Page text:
“I travelled around Scotland with my grandfather when I was 17 and fell in love with the Celtic culture: the music, the countryside, the whisky,” he smiles, adjusting his sporran.
“When I heard an advert on the radio for new members to join a Scottish dancing group here in La Paz, I had to give it a go.”
[Photo via VisitScotland.com]
Every Saturday afternoon a 20-strong group of European ex-pats and local Bolivians gather at a ballet school near La Paz’s Plaza Espana for a two-hour dance session. With a shared love of Celtic music and a token contribution of five Bolivianos (about US$0.75), the group is growing fast.
With Burns Night [pictured above] this weekend, the group will be out in force.
“We have seen the Bolivian membership grow dramatically since the political turmoil of last year,” explains Valerie Mealla (nee Black), a native of Sterling, who leads the practice sessions.
“Bolivians love to dance and, while Scottish dance involves complicated routines, I’m constantly amazed how quickly the locals pick them up.”
With anti-gringo feeling running rife since a popular uprising unceremoniously dumped the previous US-backed Bolivian president in October 2003, the social aspect of these weekly sessions provides a means to foster mutual understanding and tolerance between La Paz’s small foreign community and local Bolivians.
“Dancing provides a great medium for solidarity and friendship,” says Valerie, casting a beady eye over attempts to master a new routine.“Despite the country’s political divides, we all support each other. For us, the music and love of dancing provides a common language.”
It’s also tremendous exercise. Given that La Paz is one of the world’s highest cities at 3,600m, the sessions can bring a whole new meaning to ‘out of puff’, even for those well-prepared for the effects of altitude sickness.
Regardless, the group last year broke the record for the world’s highest Scottish traditional dance, performing a Dalkeith Strathspey (a slow dance) at the Chacaltaya ski resort outside La Paz – an altitude of 5,260m above sea level.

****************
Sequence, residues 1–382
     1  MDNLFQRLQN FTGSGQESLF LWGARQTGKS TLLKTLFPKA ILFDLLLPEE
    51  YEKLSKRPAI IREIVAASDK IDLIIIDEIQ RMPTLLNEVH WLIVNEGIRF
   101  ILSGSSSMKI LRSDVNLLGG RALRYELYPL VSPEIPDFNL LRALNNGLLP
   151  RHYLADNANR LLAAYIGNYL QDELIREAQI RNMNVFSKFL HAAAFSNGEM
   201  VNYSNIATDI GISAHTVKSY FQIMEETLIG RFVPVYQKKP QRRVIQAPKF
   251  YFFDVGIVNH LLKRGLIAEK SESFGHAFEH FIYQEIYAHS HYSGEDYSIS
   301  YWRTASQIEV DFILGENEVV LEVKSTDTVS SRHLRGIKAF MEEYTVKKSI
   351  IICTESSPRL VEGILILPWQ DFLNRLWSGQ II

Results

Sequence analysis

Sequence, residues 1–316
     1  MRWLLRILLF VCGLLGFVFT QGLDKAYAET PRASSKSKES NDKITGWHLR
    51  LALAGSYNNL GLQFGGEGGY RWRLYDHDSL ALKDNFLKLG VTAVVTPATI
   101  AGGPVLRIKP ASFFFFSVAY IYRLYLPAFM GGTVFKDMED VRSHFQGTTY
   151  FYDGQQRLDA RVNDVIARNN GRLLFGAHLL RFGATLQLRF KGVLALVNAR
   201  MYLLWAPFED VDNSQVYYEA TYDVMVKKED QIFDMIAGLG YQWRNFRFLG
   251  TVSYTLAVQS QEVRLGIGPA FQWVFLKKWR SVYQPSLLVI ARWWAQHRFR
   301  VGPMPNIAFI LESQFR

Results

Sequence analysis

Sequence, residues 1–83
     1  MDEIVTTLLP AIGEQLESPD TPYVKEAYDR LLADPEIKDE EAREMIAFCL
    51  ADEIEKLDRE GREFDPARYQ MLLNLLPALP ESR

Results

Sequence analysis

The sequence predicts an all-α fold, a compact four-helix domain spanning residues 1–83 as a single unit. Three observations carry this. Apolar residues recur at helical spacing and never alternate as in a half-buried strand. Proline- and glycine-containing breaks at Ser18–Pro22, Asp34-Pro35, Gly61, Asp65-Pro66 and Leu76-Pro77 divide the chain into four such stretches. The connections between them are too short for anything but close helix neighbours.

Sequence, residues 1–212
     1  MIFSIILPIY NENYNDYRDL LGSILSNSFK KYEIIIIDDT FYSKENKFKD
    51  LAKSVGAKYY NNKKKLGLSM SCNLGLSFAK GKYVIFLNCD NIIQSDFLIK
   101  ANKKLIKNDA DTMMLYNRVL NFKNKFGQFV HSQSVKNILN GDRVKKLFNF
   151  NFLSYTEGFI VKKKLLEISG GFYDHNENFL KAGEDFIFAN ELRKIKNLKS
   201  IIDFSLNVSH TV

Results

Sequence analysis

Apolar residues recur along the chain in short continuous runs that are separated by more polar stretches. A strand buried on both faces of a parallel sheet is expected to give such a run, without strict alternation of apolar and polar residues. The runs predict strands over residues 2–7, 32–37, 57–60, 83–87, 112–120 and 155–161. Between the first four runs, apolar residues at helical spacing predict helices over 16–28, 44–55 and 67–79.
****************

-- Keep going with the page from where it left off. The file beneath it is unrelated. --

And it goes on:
The Guinness Book of Records refused to acknowledge their achievement but, undeterred, the group is now planning a trip to the Scottish Highlands.
“I like dancing and I like the music,” says the group’s youngest member, eight-year-old Erika Guerra of La Paz’s Miraflores district.
“I want to go to Scotland and eat haggis.”
Back on the dancefloor, the group are attempting a Burns Hornpipe routine. Valerie shakes her head wearily: there’s a lot of practice needed before the group is ready for its next performance at an Anglo/Bolivian fiesta.
After practice, as night temperatures plunge across the Bolivian Altiplano, the members bid their farewells in a mix of English and Spanish.
Abdul pulls on his boots and strides out into the La Paz night.
“We all take the dancing and the traditions of Scotland very seriously,” he winks, sinewy calves glistening in the moonlight.
She secured the vote for the women of her country in 1947 and was feted as a saint after her tragic death from cancer at the age of just 33. The woman in question?
Eva Maria Duarte de Peron, better known as ‘Evita’.
Back in the headlines with a new production of the eponymous musical opening on June 2 at the Adelphi Theatre in London’s West End, the show features lyrics by Tim Rice and music by Andrew Lloyd Webber and stars Argentine musical star Elena Roger in the starring role.
In her home city of Buenos Aires the legacy of Evita lives on with her face adorning monuments and her name evoking displays of devotion and vitriol in equal measure.
I joined a tour, arranged through Destino Argentina, to learn more about this special lady. A two-and-a-half hour jaunt, it’s a great way to get your orientation of the city as you can either hire a private guide, or do it independently by taxi or public transport.
I opted for the latter and started in the city’s western Palmero district at the Eva Peron Museum, which tells her life story through a series of exhibits and video montages.